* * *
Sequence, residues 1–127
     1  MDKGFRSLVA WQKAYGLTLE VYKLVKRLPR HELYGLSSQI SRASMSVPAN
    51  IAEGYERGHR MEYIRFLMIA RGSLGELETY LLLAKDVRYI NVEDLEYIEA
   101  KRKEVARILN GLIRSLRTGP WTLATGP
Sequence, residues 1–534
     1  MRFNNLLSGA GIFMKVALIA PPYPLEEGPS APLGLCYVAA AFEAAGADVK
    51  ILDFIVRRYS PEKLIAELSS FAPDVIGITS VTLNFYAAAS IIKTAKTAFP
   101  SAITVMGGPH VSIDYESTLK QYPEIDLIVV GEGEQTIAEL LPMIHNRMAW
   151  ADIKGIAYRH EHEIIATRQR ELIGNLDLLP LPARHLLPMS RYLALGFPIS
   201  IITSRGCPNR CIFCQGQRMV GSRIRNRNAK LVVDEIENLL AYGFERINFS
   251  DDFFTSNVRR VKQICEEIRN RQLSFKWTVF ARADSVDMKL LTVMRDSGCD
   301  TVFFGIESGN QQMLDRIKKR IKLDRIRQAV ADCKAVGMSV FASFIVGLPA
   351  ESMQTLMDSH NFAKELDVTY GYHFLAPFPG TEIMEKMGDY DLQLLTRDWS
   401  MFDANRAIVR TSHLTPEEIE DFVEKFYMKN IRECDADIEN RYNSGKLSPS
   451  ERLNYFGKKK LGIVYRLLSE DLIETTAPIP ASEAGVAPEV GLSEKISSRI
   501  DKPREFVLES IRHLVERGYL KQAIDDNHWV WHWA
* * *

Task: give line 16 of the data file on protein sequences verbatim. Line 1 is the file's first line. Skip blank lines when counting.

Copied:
   501  DKPREFVLES IRHLVERGYL KQAIDDNHWV WHWA